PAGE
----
A Talk on the Wild Side.
For the past several years, David Klinger has been putting the “people” back into the U.S. Fish and Wildlife Service.
The NCTC writer-editor, a veteran of 34 years with the agency, has been ferreting out some of the untold stories of the wildlife agency in a running feature called, “The Fish and Wildlife Service You Don’t Know,” that appears in Fish and Wildlife News and other publications. “They’re a cross between in-house chatter and ‘urban legend’ – all true, most largely unremarked and unacknowledged, every one of them fascinating,” says Klinger.
This is the first in a series of short features about little-known aspects of the U.S. Fish and Wildlife Service, previously printed in Fish and Wildlife Service News.
In the underwater search for the subject of the 1976 pop tune of the same name -- the Great Lakes ore boat Edmund Fitzgerald -- the U.S. Fish and Wildlife Service played a minor, though memorable role, 14 years after the mammoth ship plunged to the bottom of Lake Superior.
The SS Edmund Fitzgerald in the St. Mary's River in May, 1975. Photo: NOAA
As all who remember the haunting song by Canadian balladeer Gordon Lightfoot can recite, the Fitzgerald and its crew of 29 perished on November 10, 1975, near Whitefish Point, Michigan, while en route to Ohio, loaded with 26,000 tons of taconite in the midst of one of the worst November gales to hit the Great Lakes.
By 1989, the wreck initially located but its loss still unexplained, the Fish and Wildlife Service research vessel Grayling, a 75-foot steel fisheries boat homeported in Cheboygan, Michigan, was pressed into service as the floating platform for a Michigan Sea Grant investigation. The National Oceanic and Atmospheric Administration, the Army Corps of Engineers, the National Geographic Society, and the Great Lakes Shipwreck Museum, among others, participated in the dive.
“Television and newspaper reporters flocked to the scene, eager for new information on the Great Lakes’ most famous shipwreck,” author Michael Schumacher relates in his 2005 book, Mighty Fitz – The Sinking of the Edmund Fitzgerald.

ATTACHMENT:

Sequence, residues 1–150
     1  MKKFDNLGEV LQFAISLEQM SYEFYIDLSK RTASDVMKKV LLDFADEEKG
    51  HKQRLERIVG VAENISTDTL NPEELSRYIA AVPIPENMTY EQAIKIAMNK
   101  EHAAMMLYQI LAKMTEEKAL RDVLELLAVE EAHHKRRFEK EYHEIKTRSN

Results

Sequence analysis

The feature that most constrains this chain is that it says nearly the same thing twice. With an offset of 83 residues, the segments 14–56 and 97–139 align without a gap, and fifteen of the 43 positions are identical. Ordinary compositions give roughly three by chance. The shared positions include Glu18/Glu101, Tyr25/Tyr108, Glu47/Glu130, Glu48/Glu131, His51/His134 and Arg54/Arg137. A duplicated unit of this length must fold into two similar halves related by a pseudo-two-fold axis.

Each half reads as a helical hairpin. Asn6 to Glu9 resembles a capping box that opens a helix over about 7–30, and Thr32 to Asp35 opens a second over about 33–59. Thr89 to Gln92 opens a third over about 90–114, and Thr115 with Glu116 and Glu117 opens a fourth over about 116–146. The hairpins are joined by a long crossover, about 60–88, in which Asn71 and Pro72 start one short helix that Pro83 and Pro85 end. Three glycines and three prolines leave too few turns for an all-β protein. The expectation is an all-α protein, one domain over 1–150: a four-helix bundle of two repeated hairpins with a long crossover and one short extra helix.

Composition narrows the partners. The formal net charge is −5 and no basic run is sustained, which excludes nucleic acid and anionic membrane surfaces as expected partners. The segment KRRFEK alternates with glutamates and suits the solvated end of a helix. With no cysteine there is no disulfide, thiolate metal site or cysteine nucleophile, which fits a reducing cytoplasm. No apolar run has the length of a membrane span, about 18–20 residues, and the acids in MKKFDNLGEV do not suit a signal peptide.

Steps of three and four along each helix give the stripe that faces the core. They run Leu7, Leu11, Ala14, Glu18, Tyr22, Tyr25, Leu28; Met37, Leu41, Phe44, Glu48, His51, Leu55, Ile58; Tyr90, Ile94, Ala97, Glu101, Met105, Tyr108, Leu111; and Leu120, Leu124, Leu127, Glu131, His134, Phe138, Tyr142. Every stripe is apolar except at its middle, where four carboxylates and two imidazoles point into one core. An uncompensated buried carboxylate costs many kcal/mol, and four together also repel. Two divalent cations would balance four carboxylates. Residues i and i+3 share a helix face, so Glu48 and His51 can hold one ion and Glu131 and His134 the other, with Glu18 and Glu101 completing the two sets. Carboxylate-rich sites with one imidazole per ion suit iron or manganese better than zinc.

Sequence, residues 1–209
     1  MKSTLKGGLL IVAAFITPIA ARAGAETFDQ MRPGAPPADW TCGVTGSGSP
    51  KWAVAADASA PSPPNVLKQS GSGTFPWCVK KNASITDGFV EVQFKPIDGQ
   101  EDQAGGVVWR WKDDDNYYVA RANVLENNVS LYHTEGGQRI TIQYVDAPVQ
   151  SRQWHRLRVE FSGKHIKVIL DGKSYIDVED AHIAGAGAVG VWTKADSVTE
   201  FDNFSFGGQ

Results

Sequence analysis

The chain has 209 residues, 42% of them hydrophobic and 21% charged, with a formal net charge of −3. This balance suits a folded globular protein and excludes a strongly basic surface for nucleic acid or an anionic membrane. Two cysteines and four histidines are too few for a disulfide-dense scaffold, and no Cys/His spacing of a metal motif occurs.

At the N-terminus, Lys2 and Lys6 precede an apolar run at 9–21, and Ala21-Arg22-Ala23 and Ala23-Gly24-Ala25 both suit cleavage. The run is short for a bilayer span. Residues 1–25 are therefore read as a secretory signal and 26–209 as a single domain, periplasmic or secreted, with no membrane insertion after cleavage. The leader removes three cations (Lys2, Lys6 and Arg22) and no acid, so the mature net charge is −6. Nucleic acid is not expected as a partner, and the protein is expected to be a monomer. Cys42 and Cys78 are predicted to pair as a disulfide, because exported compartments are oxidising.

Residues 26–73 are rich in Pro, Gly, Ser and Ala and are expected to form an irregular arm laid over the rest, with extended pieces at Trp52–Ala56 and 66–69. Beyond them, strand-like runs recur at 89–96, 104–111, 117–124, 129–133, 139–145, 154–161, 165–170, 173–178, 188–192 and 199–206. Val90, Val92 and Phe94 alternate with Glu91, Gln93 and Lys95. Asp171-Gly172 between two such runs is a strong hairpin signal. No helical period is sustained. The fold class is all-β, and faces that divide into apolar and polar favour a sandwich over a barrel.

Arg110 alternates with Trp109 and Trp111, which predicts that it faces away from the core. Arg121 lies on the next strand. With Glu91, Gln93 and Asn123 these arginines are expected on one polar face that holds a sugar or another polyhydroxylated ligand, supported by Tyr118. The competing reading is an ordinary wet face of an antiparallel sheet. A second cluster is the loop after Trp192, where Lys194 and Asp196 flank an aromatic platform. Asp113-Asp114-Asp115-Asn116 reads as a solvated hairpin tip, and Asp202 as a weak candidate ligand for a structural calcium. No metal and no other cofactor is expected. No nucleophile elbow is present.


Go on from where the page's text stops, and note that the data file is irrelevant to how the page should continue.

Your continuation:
“The suspense aboard the Grayling heightened as the ROV (remote-operated vehicle, an underwater robot) moved about the pilothouse, edging up to the smashed-out windows and peering inside. The pilothouse structure had been extensively damaged, and items inside had shifted and scattered when the Fitz plowed into the lake floor.
The pilot house of the sunken Edmund Fitzgerald, in an image taken from later exploration of the wreck. Photo: Great Lakes Shipwreck Museum/News-Tribune files
Visibility in the water was excellent, and the images sent back to the Grayling revealed a grotesquely damaged ship virtually unchanged since the time of its sinking.”
Adds the Geological Survey’s Bob Nester, who first suggested the Grayling as the launching vessel for the investigation, “It was an intensely emotional experience when the first images revealed the ship’s mast, looming up from the bottom. And, as the camera focused in on the deck, the now-famous ship’s bell appeared as clear as if you were standing only feet away.”
Chronicler Schumacher credits the expedition with producing “five hours of the best footage yet of the wreckage,” yet inconclusive results in pinpointing the cause of the catastrophe. “The footage added more frustration to those seeking answers about the ship’s demise.”
The Grayling continues its service as a Great Lakes research vessel, now for the U.S. Geological Service’s Great Lakes Science Center (formerly managed by the Fish and Wildlife Service) in Ann Arbor, Michigan.